FREE-AGENT STATUS, SCHEDULE, OFF-FIELD ISSUES DISCUSSED
It doesn't matter whether the Ravens are coming off a mediocre season or a Super Bowl championship.
It doesn't matter whether the team is simply getting ready for the next campaign or embroiled in alleged off-the-field misdeeds.
It doesn't matter whether the Orioles have infused their fan base with the usual late winter dose of optimism.
People in these parts are keenly and intensely interested in what happens to the Baltimore Ravens.
In Ravens Report's first offseason mailbag of 2014, fans have covered all kinds of topics like these. These particular inquiries came in through my e-mail inbox (firstname.lastname@example.org), but fans are also welcome to use the comment field below for any observations, criticisms or praise they might have of the team or Ravens Report's coverage.
First up is this note from a self-described "rabid fan," Mike S. of Baltimore City, who saw Ravens Report's AFC North Player Movement Chart and wants to know:
"How come Tandon Doss is listed as a restricted free agent? I thought that he had to have a certain amount of playing time to get that kind of status, and I don't remember him being on the field that much."
OUR TAKE: Playing time does play a role, Mike, but not much of one. A player must be on a team's active roster for at least six games during any given season to get one year of free-agency credit.
Also, the fact that Doss was released and then brought back after Jacoby Jones was hurt during Week One at Denver didn't affect his status at all. Doss was brought back on a one-year deal, and he now has three total years of service time, qualifying him for restricted status.
Wanda B. of Catonsville, who takes bus and plane trips to Ravens road games, read our annual schedule sequence projection, and had this to say:
"Joe, how is it you arrived at the particular order of games for this year?"
OUR TAKE: Wanda, it's strictly a projection, which is an Orwellian way of saying "educated guess."
I simply take a look at previous scheduling patterns and try to determine whether the league will continue those patterns or try to put a new one in place.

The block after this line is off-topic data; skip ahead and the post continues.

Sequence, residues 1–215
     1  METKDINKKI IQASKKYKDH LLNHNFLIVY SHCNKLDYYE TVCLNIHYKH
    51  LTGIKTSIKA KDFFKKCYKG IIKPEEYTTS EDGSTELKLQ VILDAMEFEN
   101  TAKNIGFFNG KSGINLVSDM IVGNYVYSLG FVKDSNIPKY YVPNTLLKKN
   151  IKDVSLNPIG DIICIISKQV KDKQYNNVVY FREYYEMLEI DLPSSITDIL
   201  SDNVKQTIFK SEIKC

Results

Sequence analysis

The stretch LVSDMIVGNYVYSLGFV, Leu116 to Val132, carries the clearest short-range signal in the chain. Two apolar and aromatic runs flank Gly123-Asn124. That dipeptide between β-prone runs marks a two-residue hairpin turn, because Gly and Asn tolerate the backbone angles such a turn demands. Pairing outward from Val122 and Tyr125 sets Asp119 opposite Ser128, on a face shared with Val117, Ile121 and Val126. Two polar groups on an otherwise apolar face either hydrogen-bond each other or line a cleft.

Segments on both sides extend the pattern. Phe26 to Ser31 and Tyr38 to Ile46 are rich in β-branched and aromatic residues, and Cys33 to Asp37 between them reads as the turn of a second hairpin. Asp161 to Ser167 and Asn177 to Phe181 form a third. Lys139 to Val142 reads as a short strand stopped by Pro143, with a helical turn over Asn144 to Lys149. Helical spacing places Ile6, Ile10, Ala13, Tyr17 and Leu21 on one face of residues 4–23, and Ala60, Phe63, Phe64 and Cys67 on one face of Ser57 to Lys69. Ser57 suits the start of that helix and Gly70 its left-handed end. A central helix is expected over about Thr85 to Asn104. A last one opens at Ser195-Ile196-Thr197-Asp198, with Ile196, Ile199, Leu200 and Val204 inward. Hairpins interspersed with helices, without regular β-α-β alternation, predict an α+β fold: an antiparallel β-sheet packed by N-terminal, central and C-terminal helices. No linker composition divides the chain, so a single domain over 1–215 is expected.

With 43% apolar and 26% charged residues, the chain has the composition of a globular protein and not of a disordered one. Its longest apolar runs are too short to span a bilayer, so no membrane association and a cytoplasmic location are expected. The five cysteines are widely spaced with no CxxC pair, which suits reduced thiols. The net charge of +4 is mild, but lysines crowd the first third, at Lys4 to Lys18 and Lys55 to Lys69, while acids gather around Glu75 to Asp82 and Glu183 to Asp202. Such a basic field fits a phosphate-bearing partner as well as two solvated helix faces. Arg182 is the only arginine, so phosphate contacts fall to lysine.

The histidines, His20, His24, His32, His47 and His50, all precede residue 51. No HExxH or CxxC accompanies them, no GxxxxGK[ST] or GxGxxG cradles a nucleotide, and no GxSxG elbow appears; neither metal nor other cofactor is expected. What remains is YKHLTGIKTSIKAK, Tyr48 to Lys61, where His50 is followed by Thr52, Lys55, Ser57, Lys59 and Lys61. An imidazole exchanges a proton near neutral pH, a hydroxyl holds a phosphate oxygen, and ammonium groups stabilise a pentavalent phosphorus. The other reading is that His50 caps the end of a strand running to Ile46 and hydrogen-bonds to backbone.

Last year, I got two games placed on their eventual exact date and was one week off on the bye week and several other games.
In reality, a computer compiles the schedule at the NFL's Park Avenue office in New York. It will be released in mid-April, with the four-game preseason slate expected to be announced in early April.
A question from Bill T. of Rosedale had to do with the Ravens' recent spate of off-field headlines.
"Joe, are the Ravens turning into one of those teams that are going to have a nationwide reputation for lawbreaking?"
OUR TAKE: Bill, many outside Baltimore still point toward Ray Lewis' double-murder charge in 2000 and perceive the Ravens as a team of bullies and troublemakers.
According to the San Diego Union-Tribune's NFL arrest database, the Ravens have been one of the league's best-behaved teams during recent years, despite the arrests of running back Ray Rice and wide receiver Deonte Thompson this offseason.
The party bus incident last fall involving wideout Jacoby Jones and tackle Bryant McKinnie was not welcome news, but it did not result in any arrests.
Lastly, we turn to Marcie L. of Baltimore, who asked the following:
"Mr. Platania, how can I get to go to a Super Bowl? It's on my bucket list, and I haven't gotten to go to the two the Ravens have been in."
OUR TAKE: Marcie, that might not be as tough as it sounds. The NFL's official website (NFL.com) has league-sponsored travel packages to many of its biggest events, such as the draft, the annual games in London, the Pro Bowl and the Super Bowl.
Sure, such deals are bound to be a bit pricey, and the fact that the next three Super Bowls aren't exactly close by (Glendale, Ariz.; San Francisco; Houston) doesn't help.
But if you invest the time and money and manage to get there, you're sure to have a great time no matter which teams advance to the games.
Joe Platania is in his 20th year covering professional football.